Youth workers across Indiana are leading the nation in obtaining their Child and Youth Care (CYC) Certifications. There are currently over 250 certified youth work practitioners in the state. Heather Richards, who serves as Program Manager for Blue River Services, believes that earning her CYC Certification reinforced her desire to work with children. Blue River Services is proudly working toward 100% of its staff members becoming CYC Certified. As Heather explains, “We can offer a lot if we can show as a state that we are certified, and we are trying to do the best youth work we can!”
Administered by the Child & Youth Care Certification Board, CYC Certification is recognized across the United States and Canada and provides a framework for ongoing professional development, with multiple levels and renewal of certification. CYC practitioners demonstrate their knowledge and skills for certification through a process that includes an application, references, portfolio, and exam. Certification shows that youth workers have the skills to provide high-quality programs and are committed to developing happy, healthy kids. In Indiana, CYC Certification has replaced the former Indiana Youth Development (IYD) Credential to align with the national efforts of The Association for Child and Youth Care Practice, Inc.
Heather first heard about CYC Certification through The Journey, a fellowship program designed to support youth workers through professional development and renewal. The program is supported by Lilly Endowment Inc. and helped spark the growth of certification in the state. As a result of her experience with The Journey, Heather felt that earning her CYC Certification would set a great example for her staff. She further explains, as a supervisor “I believe that investing in your staff is the number one thing you can do, the thing you get the most return on.”
Other youth workers recognize the value of certification. Ashleigh Coster, Program Director at Intercollegiate YMCA says, “This process also does an amazing job to unite all of us into one interconnected network.” Cassie Wade, Family and Youth Services Director at Bauer Family Resources, shares that since obtaining her certification “promoting and professionalizing the field of youth work is now a passion of mine. This includes providing staff professional development opportunities, providing high-quality services, [and] incentivizing staff receiving their Child & Youth Care certification.”
The benefits of certification also bring challenges of how to recognize and reward employees who achieve and maintain their CYC. Some organizations propose giving bonuses or stipends, some are evaluating pay or classification incentives, and others are considering a combination of ideas. These organizations are looking to each other for suggestions and possibly a uniform approach. Even though the method is not consistent, the conversation shows the level of interest and commitment to certification, which will have positive outcomes for the field. No matter what recognition is implemented, employers and practitioners can include the statement “We employ CYC Certified Youth Workers” prominently on their websites, windows, and brochures.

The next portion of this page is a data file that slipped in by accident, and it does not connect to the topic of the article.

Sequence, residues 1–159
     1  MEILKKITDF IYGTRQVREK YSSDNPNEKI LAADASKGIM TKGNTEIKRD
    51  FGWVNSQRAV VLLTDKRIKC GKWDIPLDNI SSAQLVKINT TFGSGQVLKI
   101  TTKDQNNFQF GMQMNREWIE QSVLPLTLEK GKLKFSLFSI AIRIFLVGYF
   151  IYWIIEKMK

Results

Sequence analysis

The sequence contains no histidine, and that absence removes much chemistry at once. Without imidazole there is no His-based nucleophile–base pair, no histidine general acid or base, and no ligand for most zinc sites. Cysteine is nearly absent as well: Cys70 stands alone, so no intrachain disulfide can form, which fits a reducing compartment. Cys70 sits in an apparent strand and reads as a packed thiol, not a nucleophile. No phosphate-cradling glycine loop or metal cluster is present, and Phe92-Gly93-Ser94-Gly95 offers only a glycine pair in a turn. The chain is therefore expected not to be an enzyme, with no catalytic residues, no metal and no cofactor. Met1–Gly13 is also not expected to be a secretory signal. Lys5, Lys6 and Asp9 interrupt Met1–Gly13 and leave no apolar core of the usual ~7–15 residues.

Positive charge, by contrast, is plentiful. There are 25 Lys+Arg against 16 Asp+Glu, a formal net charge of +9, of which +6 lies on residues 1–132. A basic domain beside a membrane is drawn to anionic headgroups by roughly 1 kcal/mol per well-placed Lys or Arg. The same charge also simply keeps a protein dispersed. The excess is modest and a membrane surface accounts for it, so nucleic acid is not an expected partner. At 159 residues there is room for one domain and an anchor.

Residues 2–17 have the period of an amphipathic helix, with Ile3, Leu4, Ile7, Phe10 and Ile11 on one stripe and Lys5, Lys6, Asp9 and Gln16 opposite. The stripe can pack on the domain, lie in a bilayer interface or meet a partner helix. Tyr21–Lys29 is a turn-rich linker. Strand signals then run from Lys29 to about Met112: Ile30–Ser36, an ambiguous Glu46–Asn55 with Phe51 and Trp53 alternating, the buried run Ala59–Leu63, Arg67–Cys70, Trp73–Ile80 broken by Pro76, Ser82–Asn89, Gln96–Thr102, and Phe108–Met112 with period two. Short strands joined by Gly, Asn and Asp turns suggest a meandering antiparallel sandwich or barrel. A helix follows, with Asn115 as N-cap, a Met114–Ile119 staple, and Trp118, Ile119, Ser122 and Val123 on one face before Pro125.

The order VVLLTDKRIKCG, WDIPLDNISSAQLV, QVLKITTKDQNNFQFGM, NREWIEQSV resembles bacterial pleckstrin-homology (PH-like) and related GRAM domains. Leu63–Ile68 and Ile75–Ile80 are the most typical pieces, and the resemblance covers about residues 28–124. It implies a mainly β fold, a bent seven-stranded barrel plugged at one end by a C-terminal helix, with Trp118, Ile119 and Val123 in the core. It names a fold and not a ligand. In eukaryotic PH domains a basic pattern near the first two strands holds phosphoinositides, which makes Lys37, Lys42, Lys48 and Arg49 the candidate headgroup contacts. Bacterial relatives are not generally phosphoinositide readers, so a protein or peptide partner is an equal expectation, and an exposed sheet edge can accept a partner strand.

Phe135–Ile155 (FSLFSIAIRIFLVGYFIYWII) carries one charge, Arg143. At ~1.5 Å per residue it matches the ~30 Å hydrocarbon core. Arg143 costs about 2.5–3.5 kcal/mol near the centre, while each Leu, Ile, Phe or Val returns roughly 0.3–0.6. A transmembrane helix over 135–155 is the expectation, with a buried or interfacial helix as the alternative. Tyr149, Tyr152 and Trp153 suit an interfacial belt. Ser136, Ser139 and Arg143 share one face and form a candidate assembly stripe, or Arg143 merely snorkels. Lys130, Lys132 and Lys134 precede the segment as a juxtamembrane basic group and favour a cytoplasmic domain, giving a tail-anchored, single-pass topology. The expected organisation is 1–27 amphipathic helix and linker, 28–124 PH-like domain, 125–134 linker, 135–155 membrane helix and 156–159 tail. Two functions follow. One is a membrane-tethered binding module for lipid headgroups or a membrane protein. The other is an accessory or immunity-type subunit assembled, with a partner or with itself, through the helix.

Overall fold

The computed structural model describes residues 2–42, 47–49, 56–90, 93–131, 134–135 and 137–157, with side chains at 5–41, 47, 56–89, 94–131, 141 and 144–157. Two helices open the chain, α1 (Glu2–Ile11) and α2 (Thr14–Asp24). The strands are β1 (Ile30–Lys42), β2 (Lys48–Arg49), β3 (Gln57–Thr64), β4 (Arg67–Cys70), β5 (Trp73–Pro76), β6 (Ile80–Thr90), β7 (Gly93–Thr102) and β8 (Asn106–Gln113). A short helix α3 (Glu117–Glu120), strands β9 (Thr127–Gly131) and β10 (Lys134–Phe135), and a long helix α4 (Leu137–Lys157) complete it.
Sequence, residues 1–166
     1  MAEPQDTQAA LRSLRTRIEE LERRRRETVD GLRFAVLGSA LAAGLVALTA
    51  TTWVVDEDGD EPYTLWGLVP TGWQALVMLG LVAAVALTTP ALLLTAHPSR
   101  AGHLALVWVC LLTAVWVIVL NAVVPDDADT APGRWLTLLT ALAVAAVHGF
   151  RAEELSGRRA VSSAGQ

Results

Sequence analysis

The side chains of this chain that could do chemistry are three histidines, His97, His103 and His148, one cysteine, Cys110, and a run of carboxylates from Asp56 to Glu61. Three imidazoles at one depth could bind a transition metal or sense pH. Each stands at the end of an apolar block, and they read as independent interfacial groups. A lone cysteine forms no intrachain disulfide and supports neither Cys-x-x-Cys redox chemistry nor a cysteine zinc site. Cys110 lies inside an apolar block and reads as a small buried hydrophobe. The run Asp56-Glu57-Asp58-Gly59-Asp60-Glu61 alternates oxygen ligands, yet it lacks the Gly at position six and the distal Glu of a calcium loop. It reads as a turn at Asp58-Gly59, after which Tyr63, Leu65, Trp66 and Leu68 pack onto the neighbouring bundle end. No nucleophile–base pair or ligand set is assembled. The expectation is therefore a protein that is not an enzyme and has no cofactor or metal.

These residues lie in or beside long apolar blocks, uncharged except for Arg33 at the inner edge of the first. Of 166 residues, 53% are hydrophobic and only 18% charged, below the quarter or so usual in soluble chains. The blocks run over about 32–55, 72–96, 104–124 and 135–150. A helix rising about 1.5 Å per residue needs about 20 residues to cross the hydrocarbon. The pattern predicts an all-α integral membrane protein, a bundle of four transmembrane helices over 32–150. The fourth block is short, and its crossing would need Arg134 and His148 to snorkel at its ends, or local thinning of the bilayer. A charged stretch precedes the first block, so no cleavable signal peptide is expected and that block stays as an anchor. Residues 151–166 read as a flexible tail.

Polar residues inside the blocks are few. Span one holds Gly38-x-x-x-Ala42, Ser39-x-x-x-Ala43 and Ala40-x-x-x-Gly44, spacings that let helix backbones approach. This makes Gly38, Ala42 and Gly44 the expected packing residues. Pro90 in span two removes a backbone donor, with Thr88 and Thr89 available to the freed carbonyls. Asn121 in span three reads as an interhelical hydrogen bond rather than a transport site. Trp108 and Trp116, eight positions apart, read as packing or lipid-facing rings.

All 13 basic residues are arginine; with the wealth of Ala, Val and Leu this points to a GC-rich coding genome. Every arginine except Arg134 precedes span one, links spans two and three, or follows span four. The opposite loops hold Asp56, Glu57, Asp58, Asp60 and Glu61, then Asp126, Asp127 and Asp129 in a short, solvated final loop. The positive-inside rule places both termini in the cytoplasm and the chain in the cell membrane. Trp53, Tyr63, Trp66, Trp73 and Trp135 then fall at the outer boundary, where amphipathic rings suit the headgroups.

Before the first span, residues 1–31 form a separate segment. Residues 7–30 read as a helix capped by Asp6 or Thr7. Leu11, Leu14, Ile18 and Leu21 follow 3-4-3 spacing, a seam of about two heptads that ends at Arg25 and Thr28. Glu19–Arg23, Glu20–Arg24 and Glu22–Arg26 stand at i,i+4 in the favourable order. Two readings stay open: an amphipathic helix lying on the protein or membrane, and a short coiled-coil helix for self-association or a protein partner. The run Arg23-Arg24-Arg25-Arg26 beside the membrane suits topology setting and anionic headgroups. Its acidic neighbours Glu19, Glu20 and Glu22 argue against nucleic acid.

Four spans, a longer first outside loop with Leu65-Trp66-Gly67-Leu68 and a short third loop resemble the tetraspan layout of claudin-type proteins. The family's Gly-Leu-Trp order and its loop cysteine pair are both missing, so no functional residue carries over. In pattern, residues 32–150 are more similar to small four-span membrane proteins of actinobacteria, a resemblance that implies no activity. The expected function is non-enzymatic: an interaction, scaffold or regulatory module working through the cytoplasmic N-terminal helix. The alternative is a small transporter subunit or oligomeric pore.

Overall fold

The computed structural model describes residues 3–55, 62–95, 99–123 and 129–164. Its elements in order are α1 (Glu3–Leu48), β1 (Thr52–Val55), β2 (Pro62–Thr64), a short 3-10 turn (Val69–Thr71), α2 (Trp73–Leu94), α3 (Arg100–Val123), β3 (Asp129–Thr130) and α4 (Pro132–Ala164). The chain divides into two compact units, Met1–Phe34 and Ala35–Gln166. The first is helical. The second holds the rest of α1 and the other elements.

CYC Certification is more than a stamp of approval; the process is personal. Ashleigh shares that the hardest parts were also the most rewarding. “The most challenging part was organizing all of the professional development I have taken part in over the years, but that was also one of the best things that came out of this process…The portfolio also challenged me to reflect over my career in order to answer the questions, and I found that process to be really incredible.”
In partnership with the CYC Certification Board, Indiana Youth Services Association has implemented a revised process for certification with coaching from the Indiana CYC Director. The main goal of the project is to increase the number of candidates who go through to completion, and thus the number of Indiana certified practitioners, increasing the quality of youth programs overall across the state. During the first six months of this project, the completion rate increased by about 23%. The youth work practitioners certified in Indiana currently represent programs in mental health, juvenile justice, consulting/training, scouting, resource/referral, crisis centers, community/multi-service centers, state/children’s services, higher education, and schools/out-of-school-time.
Much of the continued success in Indiana is due to the Indiana Department of Education’s (IDOE) 21st Century Community Learning Centers (CCLC) program. Erin Busk and Christen Peterson, 21st CCLC Grant Specialists at the IDOE, have both earned their CYC Certifications. They are passionate about creating high-quality out-of-school-time programming for Hoosier youth. As a result, they have collaborated with the Indiana Youth Services Association to provide support to all 21st CCLC program administrators, coordinators, and direct service staff to obtain their CYC Certification free of charge. The candidates are very appreciative of the commitment from IDOE. As Cassie states, “Their support is a sign of their commitment to the field, youth workers, and Indiana youth.” With the support of Indiana Youth Services Association, The Journey, and the Indiana Department of Education, Indiana has the potential to double or triple its number of certified youth workers and create a stronger network of practitioners who positively impact youth.
At the end of 2018, Indiana officially doubled its number of certified youth workers since 2017. More info on certification in Indiana is available on the CYC page of the IYSA website: www.inyouthwork.org